Joe said...

Correction on the Dzhurma information. Looks like the story, and certainly the 12,000 number, is something of an urban legend.

Reference here

http://books.google.com/books?id=TgwFDq9j4ZwC&pg=PA65&lpg=PA65&dq=dzhurma&source=bl&ots=kK0qzENIPP&sig=54pFrCy_QqDirkEqSch6AySyxg0&hl=en&sa=X&oi=book_result&resnum=6&ct=result#v=onepage&q=dzhurma&f=false

Noyus said...

Yeah, fuck utopians. Never trust anyone who thinks they know what's right for everyone else.

I dipped in to that Hitchens/Blair thing, and yes, Blair was crap - that's a debate I used to do with my philosophers and critical thinkers (that exact question) and there's masses of examples of religion motivating people to resist the will of corrupt shits and go out of their way to help folks - but just as many examples of ignorant, violent, bigoted twattery justified by religion.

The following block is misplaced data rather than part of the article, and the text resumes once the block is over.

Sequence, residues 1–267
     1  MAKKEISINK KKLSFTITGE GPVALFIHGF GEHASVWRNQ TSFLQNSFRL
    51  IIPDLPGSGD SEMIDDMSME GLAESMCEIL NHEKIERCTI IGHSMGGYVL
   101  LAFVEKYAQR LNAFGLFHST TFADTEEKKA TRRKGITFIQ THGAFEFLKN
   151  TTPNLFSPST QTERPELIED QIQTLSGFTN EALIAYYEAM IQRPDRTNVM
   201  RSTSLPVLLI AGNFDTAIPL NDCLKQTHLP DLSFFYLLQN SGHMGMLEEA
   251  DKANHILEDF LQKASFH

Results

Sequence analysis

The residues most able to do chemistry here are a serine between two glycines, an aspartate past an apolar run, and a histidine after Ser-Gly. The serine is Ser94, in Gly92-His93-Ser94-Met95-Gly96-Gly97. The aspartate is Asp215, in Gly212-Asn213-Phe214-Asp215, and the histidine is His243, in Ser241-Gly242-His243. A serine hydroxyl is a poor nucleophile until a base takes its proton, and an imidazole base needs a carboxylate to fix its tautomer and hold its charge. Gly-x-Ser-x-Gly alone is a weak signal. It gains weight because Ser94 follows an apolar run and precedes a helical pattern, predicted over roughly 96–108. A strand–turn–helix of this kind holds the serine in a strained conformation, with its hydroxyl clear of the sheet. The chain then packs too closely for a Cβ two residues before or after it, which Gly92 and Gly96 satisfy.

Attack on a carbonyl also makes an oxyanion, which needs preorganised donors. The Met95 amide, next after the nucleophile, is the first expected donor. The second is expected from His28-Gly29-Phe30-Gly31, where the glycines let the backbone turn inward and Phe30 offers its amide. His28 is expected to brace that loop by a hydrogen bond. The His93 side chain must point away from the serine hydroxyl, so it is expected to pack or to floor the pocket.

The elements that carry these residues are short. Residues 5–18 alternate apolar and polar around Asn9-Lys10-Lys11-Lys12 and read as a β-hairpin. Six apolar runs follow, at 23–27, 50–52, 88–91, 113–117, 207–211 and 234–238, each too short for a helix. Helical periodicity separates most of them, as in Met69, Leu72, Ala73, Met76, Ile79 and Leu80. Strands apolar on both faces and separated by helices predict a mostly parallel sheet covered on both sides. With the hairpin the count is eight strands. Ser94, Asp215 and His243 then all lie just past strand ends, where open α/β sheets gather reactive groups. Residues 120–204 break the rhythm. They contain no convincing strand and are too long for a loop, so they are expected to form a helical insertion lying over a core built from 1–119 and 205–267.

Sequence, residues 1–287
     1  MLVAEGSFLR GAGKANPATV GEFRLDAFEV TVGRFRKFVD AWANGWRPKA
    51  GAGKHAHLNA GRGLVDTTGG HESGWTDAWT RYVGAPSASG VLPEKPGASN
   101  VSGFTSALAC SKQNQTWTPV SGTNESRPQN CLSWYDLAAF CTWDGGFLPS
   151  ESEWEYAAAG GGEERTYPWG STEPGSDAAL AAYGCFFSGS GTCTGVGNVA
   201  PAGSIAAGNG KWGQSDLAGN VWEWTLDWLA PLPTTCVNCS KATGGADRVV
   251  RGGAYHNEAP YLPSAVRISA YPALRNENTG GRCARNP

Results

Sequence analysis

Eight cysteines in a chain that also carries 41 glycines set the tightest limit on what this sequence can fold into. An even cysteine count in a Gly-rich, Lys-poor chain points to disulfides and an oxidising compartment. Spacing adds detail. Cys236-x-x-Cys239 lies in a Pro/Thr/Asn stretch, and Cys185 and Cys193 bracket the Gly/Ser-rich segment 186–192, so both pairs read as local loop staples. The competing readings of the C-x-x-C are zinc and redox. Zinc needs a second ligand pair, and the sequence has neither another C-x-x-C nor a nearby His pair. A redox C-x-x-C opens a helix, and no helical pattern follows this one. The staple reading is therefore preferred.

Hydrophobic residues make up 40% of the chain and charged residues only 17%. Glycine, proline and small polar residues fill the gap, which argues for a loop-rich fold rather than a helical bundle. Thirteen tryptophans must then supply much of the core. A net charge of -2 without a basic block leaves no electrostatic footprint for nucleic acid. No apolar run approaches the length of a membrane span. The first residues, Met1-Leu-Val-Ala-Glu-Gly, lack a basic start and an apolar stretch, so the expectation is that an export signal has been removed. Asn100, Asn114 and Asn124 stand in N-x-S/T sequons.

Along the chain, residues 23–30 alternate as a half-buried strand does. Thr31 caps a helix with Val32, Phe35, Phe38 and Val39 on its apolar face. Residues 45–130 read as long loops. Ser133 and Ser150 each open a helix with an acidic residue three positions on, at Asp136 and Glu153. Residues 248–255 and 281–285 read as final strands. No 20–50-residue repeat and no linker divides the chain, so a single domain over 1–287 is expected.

In the end, I'd always sum up with the point that religion is simply a catalyst to bolster what people would do any way - some people are angry, bigoted spiteful shits, others are kind, nice contemplative types. Religion is merely the tool to spur these folks on.

Carl Jung was big on the "communism as religion surrogate" thing - cos religion gets in the way of the infallible authority of any cult-of-personality state - Stalin et al are basically Caesar/Pharaoh, the divine God-ruler in a different guise. Same old power-stomp shit, new terminology.

"I thought maybe a blind eye could be turned, like on contraception." - or, apparently, touching children.